Real world: Deloitte, SFUSD partner to train 'Courageous Principals'

By | San Francisco Business Times

The real world of the classroom will meet the real world of the cubicle in a program tailored by accounting and consulting firm Deloitte and leading off with San Francisco Unified School District principals and administrators.

The program, unveiled Thursday morning and funded in part by a private grant to the district, will send 60 SFUSD principals, assistant principals and administrators to Deloitte University near Dallas for three days of training June 6-8.

Along with Foundation's $2.7 million gift last year to the San Francisco school district, the Deloitte program is one of a handful of projects coming out of years of spade work by SFUSD to get the San Francisco business community — especially tech companies— to work with the district.

But SFUSD Superintendent Richard Carranza said programs like Deloitte's go beyond "bake sales or the donation of 50 computers" to forge a strategic partnership.

"Deloitte came in and said, 'This is what we do. How can that work with what the district needs?'" Carranza said.

Deloitte has invested about $1 million developing the "Courageous Principals" program and paying for trainers, the facility and program materials, said Teresa Briggs, the firm's West region and San Francisco managing partner.

"People have asked, 'Why principals?'" Briggs said. "With principals you get a multiplier effect" that creates "ripples of leadership" that extend to teachers and staff, students and the community at large, she said.

The contingent contingent from 57,000-student SFUSD is the first to go through the program, which works with the New Teacher Center, a national nonprofit organization based in Santa Cruz. Houston, Chicago and New York will send principals later in June and July.

Deloitte piloted the program last summer with 50 principals from four states.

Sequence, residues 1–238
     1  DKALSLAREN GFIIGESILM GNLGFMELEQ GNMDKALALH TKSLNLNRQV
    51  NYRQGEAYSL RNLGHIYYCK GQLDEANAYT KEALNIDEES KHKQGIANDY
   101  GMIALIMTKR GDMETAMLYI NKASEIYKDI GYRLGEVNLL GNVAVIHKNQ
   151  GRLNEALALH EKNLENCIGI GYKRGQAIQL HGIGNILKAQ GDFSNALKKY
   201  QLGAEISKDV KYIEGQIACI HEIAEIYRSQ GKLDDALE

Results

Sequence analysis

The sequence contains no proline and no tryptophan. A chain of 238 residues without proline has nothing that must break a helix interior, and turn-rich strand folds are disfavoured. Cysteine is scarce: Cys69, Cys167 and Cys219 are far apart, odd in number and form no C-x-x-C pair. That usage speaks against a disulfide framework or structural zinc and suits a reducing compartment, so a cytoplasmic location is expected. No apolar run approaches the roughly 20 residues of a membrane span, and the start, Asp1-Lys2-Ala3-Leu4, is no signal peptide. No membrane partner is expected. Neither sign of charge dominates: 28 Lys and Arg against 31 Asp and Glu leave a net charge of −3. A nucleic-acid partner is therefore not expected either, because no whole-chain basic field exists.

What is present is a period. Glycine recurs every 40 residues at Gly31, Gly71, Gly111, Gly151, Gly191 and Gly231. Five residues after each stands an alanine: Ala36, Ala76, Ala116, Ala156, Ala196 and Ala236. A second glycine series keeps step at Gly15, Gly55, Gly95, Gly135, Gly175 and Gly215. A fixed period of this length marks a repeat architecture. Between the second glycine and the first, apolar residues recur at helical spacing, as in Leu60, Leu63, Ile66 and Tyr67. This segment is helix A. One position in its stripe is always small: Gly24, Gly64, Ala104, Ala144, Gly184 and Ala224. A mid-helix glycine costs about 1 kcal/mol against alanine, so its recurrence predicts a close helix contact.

As the program connects school leaders with top officials from the business, public sector and not-for-profit arenas, Deloitte’s curriculum focuses on understanding personality types, how to communicate effectively and how to have difficult conversations. It is the same curriculum used internally by Deloitte.

"I like the name, 'Courageous Principals,'" Carranza said, "because principals have to have courageous conversations all day long."

The program ultimately could help "the Mesopotamia of innovation" called San Francisco develop a future wave of entrepreneurs, Carranza said.

For Edward Robeson Taylor Elementary Principal Marlene Callejas, the program is an opportunity to meet people who think differently about “problems of practice and management style.”

“I want to find out from managers what they’re looking for,” said Callejas, adding that schools already have adopted business-like practices where teachers are more like facilitators for conversations in the classroom.
“I want to see if I’m on the right path,” she said.

Callejas is in her third year leading E.R. Taylor, in the city’s Portola neighborhood. The school has 720 students from pre-kindergarten through fifth grade, 36 teachers and 50 other staff members. Its morning announcements in the school’s courtyard are done in English, Spanish and Cantonese.

The school bought Apple iPads this year to connect students to technology and started a breakfast program because staff found that several students were arriving for the 9 a.m. start of the school day without having eaten.

“I have friends in corporations who can’t believe what we do,” said Callejas, who is in her 32 nd year with SFUSD. “They have their day planners and they check the boxes, but if I get to do three things that I planned at the beginning of the day, that’s something.”